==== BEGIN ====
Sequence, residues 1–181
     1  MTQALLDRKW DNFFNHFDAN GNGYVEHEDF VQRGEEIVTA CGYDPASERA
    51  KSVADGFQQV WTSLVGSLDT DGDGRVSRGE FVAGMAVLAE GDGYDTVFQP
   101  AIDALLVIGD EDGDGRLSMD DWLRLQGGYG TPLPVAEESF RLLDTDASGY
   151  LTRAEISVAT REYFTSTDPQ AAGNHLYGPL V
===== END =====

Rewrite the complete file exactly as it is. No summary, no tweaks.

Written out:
Sequence, residues 1–181
     1  MTQALLDRKW DNFFNHFDAN GNGYVEHEDF VQRGEEIVTA CGYDPASERA
    51  KSVADGFQQV WTSLVGSLDT DGDGRVSRGE FVAGMAVLAE GDGYDTVFQP
   101  AIDALLVIGD EDGDGRLSMD DWLRLQGGYG TPLPVAEESF RLLDTDASGY
   151  LTRAEISVAT REYFTSTDPQ AAGNHLYGPL V